The Spectator

Portrait of the week | 20 June 2013

Portrait of the week | 20 June 2013
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On the eve of the G8 summit, at a press conference with David Cameron, the Prime Minister, President Vladimir Putin of Russia bluntly opposed British proposals to aid the Syrian opposition: ‘People who not only kill their enemies, but open up their bodies, eat their entrails in public before the cameras. Are these the people you want to support?’ At the summit, in a golfing hotel protected by the waters of Lough Erne, Co. Fermanagh, none of the leaders wore a tie. A joint statement on Syria did not call for the removal of President Assad. Before the summit, Mr Cameron made British Overseas Territories and Crown Dependencies agree to inform on investors to the tax authorities. This initiative was adopted by the G8, together with an ambition that ‘companies should know who really owns them’. Mr Cameron announced that negotiations had begun for a trade agreement worth £100 billion to the European Union and £80 billion to United States. France insisted on its film industry being exempted. President Barack Obama of the United States, in a speech to schoolchildren, attacked religious schools, labelling them as ‘segregated’.

Among the 1,180 awards in the Queen’s birthday honours, Anish Kapoor, the sculptor, and Edward Leigh, the Conservative MP, were knighted and Sir Menzies Campbell, the Liberal Democrat politician, and Sir Nicholas Serota, director of the Tate, were appointed Companions of Honour. The Duke of Edinburgh left hospital 11 nights after being admitted for exploratory abdominal surgery. David Warner, the Australian cricketer, was fined £7,000 and barred from playing until the Ashes, after punching the England player Joe Root, who was wearing a green and gold wig as a beard in the early hours at the Walkabout pub in Birmingham. All 31 passengers were rescued when a commercial amphibious vehicle known as a Yellow Duckmarine sank in a dock in Liverpool.

The army declared 4,480 people redundant, 3,765 of them volunteering to go. Jeremy Hunt, health secretary, demanded that surgeons should release data detailing the outcome of their surgery. The Co-operative Bank proposed to fill the £1.5 billion hole in its finances by offering bond-holders shares and launching itself on the stock market. The rate of inflation measured by the consumer prices index inflation increased to 2.7 per cent in May, from 2.4 in April; by the Retail Prices Index the increase was to 3.1 per cent from 2.9. Stuart Hall, the BBC broadcaster, aged 83, was sentenced to 15 months in jail for 14 offences of sexually abusing girls between 1967 and 1985. A policeman and a woman were arrested by police investigating the incident last September in which Andrew Mitchell, the former government chief whip, was accused of calling police in Downing Street ‘plebs’. The number of explosions under the pavements of London rose from eight in 2011 to 29 last year.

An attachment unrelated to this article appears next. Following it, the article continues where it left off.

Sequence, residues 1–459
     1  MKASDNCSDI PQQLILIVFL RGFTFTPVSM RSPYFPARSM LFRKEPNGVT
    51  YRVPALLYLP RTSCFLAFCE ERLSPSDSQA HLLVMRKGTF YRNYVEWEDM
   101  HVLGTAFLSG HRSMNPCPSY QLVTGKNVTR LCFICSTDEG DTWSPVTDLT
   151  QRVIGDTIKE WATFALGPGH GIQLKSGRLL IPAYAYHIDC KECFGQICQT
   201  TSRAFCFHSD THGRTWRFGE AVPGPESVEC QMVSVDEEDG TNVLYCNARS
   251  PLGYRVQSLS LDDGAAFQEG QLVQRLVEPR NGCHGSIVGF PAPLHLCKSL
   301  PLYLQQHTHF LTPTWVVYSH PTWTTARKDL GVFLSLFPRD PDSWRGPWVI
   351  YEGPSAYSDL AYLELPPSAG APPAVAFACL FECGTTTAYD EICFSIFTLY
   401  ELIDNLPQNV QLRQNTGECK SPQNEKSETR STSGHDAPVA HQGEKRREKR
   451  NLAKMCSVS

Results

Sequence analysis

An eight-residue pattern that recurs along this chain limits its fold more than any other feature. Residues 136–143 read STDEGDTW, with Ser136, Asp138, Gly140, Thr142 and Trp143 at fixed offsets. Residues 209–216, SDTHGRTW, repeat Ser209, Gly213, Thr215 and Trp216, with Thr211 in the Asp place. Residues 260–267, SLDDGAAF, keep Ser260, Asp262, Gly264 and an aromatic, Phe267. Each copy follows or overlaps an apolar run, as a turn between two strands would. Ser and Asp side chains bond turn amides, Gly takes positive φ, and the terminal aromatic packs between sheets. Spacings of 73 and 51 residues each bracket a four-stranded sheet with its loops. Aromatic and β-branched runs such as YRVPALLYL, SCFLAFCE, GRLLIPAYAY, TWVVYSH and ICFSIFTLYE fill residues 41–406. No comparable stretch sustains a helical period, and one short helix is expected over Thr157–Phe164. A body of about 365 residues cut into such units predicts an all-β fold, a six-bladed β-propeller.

Hassan Rouhani, aged 64, a cleric who regards himself as a moderate, was elected President of Iran by 18,613,329 votes out of 36,704,156 cast. There was some doubt over whether a thesis, The Flexibility of Sharia, had won him a doctorate from Glasgow Caledonian University. In Afghanistan, Nato handed over security for the whole country for the first time since 2001. In Quetta, Pakistan, a bomb on a women’s university bus killed 14 women, and gunmen then attacked the hospital treating survivors, killing 11.

In Istanbul, police kept control of Taksim Square and the neighbouring Gezi Park, having forced out anti-government protestors. Recep Tayyip Erdogan, the Prime Minister, blamed ‘terrorists’. President Mohammed Morsi of Egypt told a rally that Cairo was breaking off diplomatic relations with Syria. At home, Mr Morsi brought the number of regional governorships controlled by the Muslim Brotherhood and its allies to 13 out of 27. In Iraq, bombs killed at least 30, mostly Shia, in one day; the next day, two suicide bombers killed at least 31 at a Shia mosque in Baghdad. In May, 1,045 civilians and security officials had been killed in Iraq, the worst month since June 2008.

A Greek court suspended the government order to close the state broadcaster. In New York, Rupert Murdoch, 82, filed for divorce from Wendi Deng, 44, on the grounds that their marriage had ‘irretrievably broken down’. A British man attempting to climb down on to his own balcony survived falling from the 15th floor of a block of flats in Auckland, New Zealand; a neighbouring roof 13 floors down was said to have broken his fall.            CSH